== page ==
On July 28, 2022, Joel Pretz, a 52-year-old construction manager from Bay Ridge, Brooklyn, arrived home from a long, hot day at work feeling especially exhausted. He curled up on the floor with his 120-pound mastiff dog, Connor, and took a nap.
When Joel awoke, he sensed something was wrong. An avid bodybuilder, he found himself struggling just to stand up. His left arm was lifeless, as if he had fallen asleep on it. He did a push-up with his right arm and maneuvered to a nearby couch. Exhaustion hit him again.
“What is wrong with me?” he thought before falling asleep again.
Lisa Pretz had been trying without success to reach her husband by phone. When she arrived home and saw Joel, the air left her lungs. “The left side of his face looked like a melted candle,” she says. “I knew he was having a stroke.”
Joel was rushed by ambulance to the Emergency Department at NYU Langone Hospital—Brooklyn, in Sunset Park, where he was admitted at 8:13PM. Neurologist Brandon Giglio, MD, director of vascular neurology, and his team were waiting for Joel—standard protocol for the nearly 600 patients who arrive at the hospital for stroke care annually. NYU Langone Hospital—Brooklyn is one of only two in the borough certified by The Joint Commission, which accredits hospitals, as a Comprehensive Stroke Center for its capacity to provide the most advanced level of stroke care.
Joel had landed in the right place. Moreover, it had been less than six hours since the onset of his symptoms, which put him safely within the window for effective interventions. But his symptoms were severe. A CT scan showed blockages in the main arteries that supply blood to the right side of the brain. He had partial vision loss, slurred speech, and complete paralysis of his left arm and leg.
Joel also had a complicated medical history. He had been born with a congenital valve defect. In fact, he had had two open heart surgical procedures at NYU Langone Health under the care of renowned cardiothoracic surgeon Mathew R. Williams, MD, chief of adult cardiac surgery at NYU Langone Hospital—Brooklyn and director of the Heart Valve Center. Due to Joel’s medical history, he was ineligible for drugs routinely used in emergency departments to dissolve clots. So additional expertise would be required to remove the blockages.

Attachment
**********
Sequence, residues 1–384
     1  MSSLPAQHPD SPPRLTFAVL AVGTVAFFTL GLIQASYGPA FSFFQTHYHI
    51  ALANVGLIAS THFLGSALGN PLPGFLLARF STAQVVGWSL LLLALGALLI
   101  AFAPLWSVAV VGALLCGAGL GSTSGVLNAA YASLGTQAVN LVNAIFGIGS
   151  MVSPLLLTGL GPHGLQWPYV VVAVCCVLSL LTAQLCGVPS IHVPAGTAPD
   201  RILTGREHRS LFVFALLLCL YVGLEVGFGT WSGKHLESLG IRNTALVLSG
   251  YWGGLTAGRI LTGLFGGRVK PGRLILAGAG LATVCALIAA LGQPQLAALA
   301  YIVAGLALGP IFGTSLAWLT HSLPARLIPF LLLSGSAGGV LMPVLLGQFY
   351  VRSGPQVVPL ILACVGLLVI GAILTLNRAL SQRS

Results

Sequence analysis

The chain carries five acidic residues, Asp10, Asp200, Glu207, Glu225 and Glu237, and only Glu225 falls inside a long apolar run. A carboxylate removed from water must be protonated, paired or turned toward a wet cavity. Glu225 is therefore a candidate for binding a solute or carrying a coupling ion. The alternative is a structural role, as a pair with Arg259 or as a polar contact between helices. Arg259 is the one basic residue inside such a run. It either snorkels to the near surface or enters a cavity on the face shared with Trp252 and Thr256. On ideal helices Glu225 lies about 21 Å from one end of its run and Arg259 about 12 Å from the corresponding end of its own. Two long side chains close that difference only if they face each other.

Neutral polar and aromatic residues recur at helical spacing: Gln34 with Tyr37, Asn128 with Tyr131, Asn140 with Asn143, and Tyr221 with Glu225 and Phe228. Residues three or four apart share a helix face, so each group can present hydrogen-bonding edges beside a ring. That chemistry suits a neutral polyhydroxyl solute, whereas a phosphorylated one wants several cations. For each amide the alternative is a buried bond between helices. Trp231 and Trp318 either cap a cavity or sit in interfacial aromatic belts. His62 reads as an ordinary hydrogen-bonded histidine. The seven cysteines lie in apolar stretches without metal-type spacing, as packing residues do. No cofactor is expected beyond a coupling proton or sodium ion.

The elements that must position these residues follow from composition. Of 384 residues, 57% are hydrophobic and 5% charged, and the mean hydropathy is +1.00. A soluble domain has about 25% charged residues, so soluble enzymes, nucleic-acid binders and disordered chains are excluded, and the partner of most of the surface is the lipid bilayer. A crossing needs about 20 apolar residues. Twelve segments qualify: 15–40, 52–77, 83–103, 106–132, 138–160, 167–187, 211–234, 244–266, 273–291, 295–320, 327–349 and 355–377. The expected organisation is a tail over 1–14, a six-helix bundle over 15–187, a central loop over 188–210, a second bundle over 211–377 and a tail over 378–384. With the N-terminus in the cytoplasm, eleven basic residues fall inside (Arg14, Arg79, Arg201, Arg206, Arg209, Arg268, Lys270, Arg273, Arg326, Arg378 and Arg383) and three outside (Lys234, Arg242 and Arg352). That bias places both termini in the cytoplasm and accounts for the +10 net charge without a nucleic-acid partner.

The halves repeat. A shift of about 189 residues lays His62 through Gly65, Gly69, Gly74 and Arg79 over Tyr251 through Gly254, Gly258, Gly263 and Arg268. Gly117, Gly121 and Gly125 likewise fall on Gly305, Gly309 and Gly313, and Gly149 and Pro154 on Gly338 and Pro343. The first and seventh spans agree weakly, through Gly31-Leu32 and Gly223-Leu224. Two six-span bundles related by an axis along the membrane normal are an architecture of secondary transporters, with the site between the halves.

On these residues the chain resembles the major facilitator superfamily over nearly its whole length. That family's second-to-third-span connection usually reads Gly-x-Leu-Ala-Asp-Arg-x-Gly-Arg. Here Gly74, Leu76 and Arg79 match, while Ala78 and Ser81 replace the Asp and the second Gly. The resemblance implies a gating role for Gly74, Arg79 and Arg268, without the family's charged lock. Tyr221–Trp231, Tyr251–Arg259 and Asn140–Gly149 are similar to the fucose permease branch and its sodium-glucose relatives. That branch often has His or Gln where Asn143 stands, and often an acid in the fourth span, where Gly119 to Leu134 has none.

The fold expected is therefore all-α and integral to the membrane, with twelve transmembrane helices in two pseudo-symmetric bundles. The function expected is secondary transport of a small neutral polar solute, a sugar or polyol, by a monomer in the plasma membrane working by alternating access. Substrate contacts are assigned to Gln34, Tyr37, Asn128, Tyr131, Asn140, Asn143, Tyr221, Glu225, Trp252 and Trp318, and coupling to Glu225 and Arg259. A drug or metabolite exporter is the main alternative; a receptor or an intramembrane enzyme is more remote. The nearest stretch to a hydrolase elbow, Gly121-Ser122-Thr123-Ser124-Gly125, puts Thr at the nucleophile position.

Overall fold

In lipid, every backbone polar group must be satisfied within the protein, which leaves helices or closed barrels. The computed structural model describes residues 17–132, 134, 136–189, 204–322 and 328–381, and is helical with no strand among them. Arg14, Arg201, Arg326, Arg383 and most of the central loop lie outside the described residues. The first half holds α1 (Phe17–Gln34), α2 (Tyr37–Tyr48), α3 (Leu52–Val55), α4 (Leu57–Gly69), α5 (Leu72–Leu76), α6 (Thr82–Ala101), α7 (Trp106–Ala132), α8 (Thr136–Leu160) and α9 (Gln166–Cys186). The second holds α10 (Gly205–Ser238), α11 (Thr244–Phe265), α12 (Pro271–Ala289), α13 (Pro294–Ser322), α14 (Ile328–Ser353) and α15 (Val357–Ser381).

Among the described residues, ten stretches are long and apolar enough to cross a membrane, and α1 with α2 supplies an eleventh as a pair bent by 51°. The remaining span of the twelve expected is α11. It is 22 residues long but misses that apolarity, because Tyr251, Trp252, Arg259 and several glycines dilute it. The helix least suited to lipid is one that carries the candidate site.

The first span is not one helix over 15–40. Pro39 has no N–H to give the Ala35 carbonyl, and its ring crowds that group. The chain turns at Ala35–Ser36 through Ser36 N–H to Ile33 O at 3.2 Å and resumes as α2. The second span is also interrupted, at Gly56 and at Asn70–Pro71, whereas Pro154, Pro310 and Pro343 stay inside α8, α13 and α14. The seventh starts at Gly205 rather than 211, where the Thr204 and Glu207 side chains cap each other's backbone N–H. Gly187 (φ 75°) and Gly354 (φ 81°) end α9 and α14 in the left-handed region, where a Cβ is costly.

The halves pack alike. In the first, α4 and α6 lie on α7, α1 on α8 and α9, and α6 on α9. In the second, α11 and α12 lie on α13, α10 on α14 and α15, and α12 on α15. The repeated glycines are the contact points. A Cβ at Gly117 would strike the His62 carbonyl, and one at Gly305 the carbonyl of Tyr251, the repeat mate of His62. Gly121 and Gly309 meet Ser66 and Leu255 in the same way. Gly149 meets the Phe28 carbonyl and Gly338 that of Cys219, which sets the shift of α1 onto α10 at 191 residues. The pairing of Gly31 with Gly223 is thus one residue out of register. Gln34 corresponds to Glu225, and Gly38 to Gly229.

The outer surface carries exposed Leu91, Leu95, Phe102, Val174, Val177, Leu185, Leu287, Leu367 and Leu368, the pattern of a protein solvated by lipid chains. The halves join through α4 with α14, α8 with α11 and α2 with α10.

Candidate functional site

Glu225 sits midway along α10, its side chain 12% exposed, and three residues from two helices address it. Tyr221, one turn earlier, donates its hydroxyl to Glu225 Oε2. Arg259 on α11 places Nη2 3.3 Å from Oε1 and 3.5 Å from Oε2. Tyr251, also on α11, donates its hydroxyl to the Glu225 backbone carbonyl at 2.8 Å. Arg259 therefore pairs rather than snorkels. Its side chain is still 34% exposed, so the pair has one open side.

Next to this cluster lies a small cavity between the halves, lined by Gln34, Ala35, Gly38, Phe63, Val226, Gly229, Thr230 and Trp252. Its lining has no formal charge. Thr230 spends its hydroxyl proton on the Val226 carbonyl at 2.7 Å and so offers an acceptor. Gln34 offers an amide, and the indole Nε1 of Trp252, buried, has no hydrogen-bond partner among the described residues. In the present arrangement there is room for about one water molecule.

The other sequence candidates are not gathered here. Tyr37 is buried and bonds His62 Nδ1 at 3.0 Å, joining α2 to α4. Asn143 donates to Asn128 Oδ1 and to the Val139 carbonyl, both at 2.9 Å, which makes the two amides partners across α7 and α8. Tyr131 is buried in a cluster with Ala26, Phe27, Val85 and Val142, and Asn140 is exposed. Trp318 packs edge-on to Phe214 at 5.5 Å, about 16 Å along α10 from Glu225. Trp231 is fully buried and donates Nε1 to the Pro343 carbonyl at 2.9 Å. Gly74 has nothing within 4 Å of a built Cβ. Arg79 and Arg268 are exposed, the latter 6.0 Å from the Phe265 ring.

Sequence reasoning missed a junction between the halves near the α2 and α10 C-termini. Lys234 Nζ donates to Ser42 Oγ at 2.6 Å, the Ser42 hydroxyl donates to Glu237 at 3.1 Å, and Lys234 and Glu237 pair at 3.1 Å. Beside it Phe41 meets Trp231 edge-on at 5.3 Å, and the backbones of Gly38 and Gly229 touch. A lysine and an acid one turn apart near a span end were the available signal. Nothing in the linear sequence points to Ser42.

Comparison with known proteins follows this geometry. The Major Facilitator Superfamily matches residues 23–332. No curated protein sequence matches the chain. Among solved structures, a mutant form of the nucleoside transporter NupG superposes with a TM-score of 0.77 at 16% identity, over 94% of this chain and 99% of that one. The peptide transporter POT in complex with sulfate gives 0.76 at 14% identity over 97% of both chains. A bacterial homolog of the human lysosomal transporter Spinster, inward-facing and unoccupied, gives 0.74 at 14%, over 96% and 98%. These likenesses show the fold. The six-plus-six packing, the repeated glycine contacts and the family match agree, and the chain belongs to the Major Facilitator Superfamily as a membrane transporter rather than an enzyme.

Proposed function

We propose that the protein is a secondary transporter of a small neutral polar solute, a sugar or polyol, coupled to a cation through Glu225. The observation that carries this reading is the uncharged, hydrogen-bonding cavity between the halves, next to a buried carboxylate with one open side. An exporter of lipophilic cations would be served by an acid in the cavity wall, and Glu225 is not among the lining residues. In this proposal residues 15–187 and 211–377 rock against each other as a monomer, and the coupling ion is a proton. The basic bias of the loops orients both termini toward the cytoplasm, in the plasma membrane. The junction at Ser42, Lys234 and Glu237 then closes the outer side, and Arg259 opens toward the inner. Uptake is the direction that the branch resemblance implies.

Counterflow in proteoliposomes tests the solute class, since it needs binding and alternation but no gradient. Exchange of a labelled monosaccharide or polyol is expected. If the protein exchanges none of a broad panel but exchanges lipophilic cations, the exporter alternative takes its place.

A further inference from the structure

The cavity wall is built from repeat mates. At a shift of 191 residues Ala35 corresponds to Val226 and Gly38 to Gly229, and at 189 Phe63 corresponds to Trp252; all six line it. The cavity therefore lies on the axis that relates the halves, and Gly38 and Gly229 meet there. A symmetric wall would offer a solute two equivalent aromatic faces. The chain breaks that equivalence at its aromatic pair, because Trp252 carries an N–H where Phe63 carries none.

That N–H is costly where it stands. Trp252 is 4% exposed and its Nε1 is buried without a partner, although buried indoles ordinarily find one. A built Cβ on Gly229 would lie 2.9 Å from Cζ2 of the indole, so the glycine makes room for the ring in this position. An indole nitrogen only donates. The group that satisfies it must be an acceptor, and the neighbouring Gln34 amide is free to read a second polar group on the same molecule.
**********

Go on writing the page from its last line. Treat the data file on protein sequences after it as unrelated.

The team called in interventional neuroradiologist Jeffrey Farkas, MD. He and Dr. Giglio agreed that Joel’s best treatment option was a thrombectomy, a minimally invasive procedure to remove brain clots in circumstances like Joel’s, where medication isn’t an option. With nearly 30 years of experience, Dr. Farkas is one of the pioneers in the use of minimally invasive procedures to treat stroke. The average Comprehensive Stroke Center performs 63 thrombectomies annually. At NYU Langone Hospital—Brooklyn, the team performed 95 in 2022.
“When it comes to stroke, restoring blood flow to the brain is the number one treatment,” says Dr. Farkas. “Joel’s blockages were at the top of his carotid artery. We had to get it open. It would be a pretty devastating injury if we couldn’t.”
By 9:00PM, 47 minutes after his arrival, Joel was in the interventional neuroradiology suite. Through a small incision in Joel’s groin, Dr. Farkas placed a long, flexible tube and advanced it to his carotid artery, which is the largest vessel supplying blood to the brain. Using real-time X-ray imaging for guidance, Dr. Farkas navigated a pair of devices to grab and extract two of the clots, which were in the carotid artery and just past it, in the middle cerebral artery. For the third clot in the anterior cerebral artery, which also leads from the carotid, he delivered a form of clot-busting medicine that Joel could safely receive. By 9:21PM the clots were gone, and Joel was transferred for recovery to the neurointensive care unit, part of the Center for Stroke and Neurovascular Diseases.
“National benchmarks state that we’re supposed to get stroke patients from the door to the start of thrombectomy within 90 minutes. With Joel, we got him there in half the time,” says Dr. Giglio. “Getting him there that fast is what saved his life and saved him from severe disability.”
When Lisa was able to see Joel, an hour after the procedure, he had regained full control of his arm and leg. “I almost fell on the floor, I was so shocked,” recalls Lisa. “When we got to the hospital, he had absolutely no movement in his left arm and leg, but after the procedure, he did it.”
The road from stroke to recovery is often long and arduous. Joel entered cardiac and stroke rehabilitation at Rusk Rehabilitation in Manhattan to be closer to his cardiac team. For six months, Joel worked diligently to regain his strength. Today, he’s healthy enough to take two-hour walks daily with his dog, and he has no neurological deficits. “The day of my stroke was an unforgettable day,” Joel says. “But I am so grateful—to my doctors, nurses, and therapists who helped me get my strength back, and of course, my wife.”
By the Numbers: Stroke Care at NYU Langone Hospital—Brooklyn
One of only two Comprehensive Stroke Centers in Brooklyn, NYU Langone Hospital—Brooklyn, distinguished by its team of neurologists, neurosurgeons, neuroradiologists, and specially trained nurses, provides rapid diagnosis and the most advanced treatment of stroke 24 hours a day, 7 days a week.
- Number of patients with stroke in 2022: 582
- Number of thrombectomies in 2022: 95 (other Comprehensive Stroke Centers perform 63 on average)
- Door-to-needle time: 29 minutes (New York City average: 42 minutes)
- Door-to-puncture time for thrombectomy: 55 minutes (New York City average: 82 minutes)